Maryland officials are dropping the state’s standardized test — known as PARCC — in favor of something shorter and they hope more popular.
Maryland officials are dropping the state’s standardized test — known by parents, teachers and students as simply PARCC — in favor of something shorter and they hope more popular.
Maryland is one of just a handful of states still giving the Partnership for Assessment of Readiness for College and Careers tests, once used in dozens of states, but criticized as too time-consuming and too disruptive to the school schedule. It’s also difficult — less than half of Maryland students can pass it.
The state is seeking bids from contractors to design a new assessment that requires less time to take and grade, but it will not be ready for use until the 2019-2020 school year. So the state will spend another $11 million to continue testing with PARCC this spring.
The impetus for change came from Maryland State Superintendent Karen Salmon and Gov. Larry Hogan, who said he got many complaints.
“Nearly everyone in Maryland — parents, teachers, students and the governor want these tests to end,” Hogan said at a Board of Public Works meeting last month.
The PARCC tests were first conceived as a way to allow student achievement scores to be compared across the nation. Dozens of states had moved in 2010 to adopt the Common Core standards, a set of skills that students are expected to master in math and English in each grade, and the new test allowed comparisons among states.
While the standards have survived in many states, including Maryland, the PARCC emerged just as a backlash against standardized testing began to ripple through the nation.
It didn’t help that PARCC testing required schools to clear their schedules for several weeks each spring, disrupting classes, and provide computers for students to take the tests in grades 3 through 8, as well as twice in high school.
As teachers became more vocal about their dislike of so much testing, the Maryland General Assembly set up a task force several years ago to study how to reduce testing. Some Baltimore city teachers suggested it had squeezed out art, music, history and foreign language classes so that more time could be spent on the subjects that were tested — math and English.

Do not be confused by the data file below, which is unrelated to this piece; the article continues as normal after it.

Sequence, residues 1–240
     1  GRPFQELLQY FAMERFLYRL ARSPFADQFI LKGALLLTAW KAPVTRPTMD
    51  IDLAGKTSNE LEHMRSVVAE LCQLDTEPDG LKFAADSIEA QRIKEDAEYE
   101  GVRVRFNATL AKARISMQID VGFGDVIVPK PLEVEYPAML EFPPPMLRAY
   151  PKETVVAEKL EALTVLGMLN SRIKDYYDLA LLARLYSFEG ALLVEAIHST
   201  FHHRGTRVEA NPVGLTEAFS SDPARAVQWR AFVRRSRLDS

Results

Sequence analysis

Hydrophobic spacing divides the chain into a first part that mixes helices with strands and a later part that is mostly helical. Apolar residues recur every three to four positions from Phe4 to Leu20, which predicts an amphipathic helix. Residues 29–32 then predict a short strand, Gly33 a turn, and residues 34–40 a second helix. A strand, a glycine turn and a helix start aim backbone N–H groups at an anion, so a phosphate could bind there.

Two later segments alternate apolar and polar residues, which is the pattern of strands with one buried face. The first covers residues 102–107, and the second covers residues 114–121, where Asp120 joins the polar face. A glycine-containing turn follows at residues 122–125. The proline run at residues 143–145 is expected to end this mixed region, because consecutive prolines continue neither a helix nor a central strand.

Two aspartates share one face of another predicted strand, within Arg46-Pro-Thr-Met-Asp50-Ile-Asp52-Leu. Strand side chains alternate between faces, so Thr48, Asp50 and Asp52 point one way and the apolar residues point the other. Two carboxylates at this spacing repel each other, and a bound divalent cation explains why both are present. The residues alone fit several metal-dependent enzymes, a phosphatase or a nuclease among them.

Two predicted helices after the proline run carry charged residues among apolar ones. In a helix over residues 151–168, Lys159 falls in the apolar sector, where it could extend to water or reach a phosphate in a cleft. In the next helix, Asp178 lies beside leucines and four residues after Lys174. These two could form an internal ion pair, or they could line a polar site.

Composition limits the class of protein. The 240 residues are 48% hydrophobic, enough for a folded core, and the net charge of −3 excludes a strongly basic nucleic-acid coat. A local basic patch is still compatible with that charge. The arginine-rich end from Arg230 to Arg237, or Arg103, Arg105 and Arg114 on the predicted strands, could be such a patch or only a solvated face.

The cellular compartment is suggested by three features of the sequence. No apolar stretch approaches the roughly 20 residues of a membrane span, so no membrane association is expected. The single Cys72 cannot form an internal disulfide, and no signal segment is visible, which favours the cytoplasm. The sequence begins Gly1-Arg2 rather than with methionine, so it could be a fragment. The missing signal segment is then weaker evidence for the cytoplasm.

“Educators across the state do feel we could do better than PARCC,” Bost said. “Whatever the next test is, it has to be shorter, it has be useful.”
The PARCC test results are released in the summer, long after schools have closed and teachers can adjust their teaching to help students improve.
Ideally, Bost said, educators would get the results of the test shortly after it is given in the spring.
Carol A. Williamson, the state’s chief academic officer, expects that any new test will be computer adaptive, meaning the testing software will judge the student’s academic level and adjust the questions as a result. When students begin the test, they will be given a range of difficult and easy questions. After a student completes that first group of questions, the computer will then calculate the student’s academic level and aim subsequent questions at slightly above and slightly below that level.
The technique will allow for a shorter testing time, Williamson said.
Not everyone is happy to see the test go. Maryland State school board member David Steiner points to studies that have shown the PARCC test to be the most rigorous of any in the nation. While recognizing the test is unpopular politically, he has expressed concern that a new test will not hold students to the same standards as the PARCC.
“A result on PARCC and a result on the new assessment should mean the same thing,” Steiner said.
So if a student scored a four or five score, which is passing, on the PARCC, he said, the student should receive the same score on the new test.
It is a view shared by Baltimore schools CEO Sonja Santelises, whose district saw a significant increase in PARCC scores last spring. She said it is vital that the new test keeps standards high. When she talks about the PARCC test with city teachers and principals — even those who dislike the test — they all agree it is a "more rigorous assessment that truly reflects college-and-career ready skills."
She'll be watching to see how comparable any new test is to the PARCC.
"Everyone wants to make the newest exam the enemy. I don't view it that way," Santelises said. "I hope we're not backing away from a standard that those who have successfully navigated the college-and-career pathway know is what is truly needed for young people."
Williamson said Maryland’s curriculum, which is based on the Common Core standards, will not change.
“We will still have the same standards,” she said.
The new test, like the old one, will be given in grades three through eight in math and English and in 10th grade for English. Students will take the Algebra I test after they complete the course whether that is in seventh grade for advanced students or as late as ninth grade for other students.